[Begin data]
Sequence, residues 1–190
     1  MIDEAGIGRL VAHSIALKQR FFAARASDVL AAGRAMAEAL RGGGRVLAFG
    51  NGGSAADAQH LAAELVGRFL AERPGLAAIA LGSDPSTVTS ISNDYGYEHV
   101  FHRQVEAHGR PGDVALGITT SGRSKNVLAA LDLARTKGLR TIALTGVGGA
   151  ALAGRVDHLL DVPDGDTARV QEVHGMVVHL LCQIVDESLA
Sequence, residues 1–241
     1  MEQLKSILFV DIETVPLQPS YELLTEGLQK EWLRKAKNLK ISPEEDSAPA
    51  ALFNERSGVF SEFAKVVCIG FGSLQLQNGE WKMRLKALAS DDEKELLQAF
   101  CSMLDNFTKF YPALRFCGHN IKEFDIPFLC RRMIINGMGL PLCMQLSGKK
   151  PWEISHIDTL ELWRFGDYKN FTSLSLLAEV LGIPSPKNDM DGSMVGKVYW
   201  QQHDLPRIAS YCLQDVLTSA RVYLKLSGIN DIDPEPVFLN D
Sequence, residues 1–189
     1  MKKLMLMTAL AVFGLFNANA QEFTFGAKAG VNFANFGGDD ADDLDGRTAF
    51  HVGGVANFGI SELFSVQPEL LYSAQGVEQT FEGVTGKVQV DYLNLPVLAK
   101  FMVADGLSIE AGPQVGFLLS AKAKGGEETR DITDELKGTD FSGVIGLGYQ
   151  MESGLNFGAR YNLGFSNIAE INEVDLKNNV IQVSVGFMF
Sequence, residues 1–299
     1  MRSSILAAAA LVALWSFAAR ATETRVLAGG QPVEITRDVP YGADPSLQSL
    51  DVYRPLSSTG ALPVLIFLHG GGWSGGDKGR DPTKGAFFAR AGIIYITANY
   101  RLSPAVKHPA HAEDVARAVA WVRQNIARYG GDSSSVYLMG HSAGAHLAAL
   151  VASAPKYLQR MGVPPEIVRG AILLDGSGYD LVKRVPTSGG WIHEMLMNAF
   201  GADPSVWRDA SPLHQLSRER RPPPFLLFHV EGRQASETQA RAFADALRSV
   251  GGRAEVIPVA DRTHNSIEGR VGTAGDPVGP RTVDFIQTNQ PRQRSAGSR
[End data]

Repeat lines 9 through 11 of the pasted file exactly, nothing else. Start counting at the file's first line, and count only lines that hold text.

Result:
   101  CSMLDNFTKF YPALRFCGHN IKEFDIPFLC RRMIINGMGL PLCMQLSGKK
   151  PWEISHIDTL ELWRFGDYKN FTSLSLLAEV LGIPSPKNDM DGSMVGKVYW
   201  QQHDLPRIAS YCLQDVLTSA RVYLKLSGIN DIDPEPVFLN D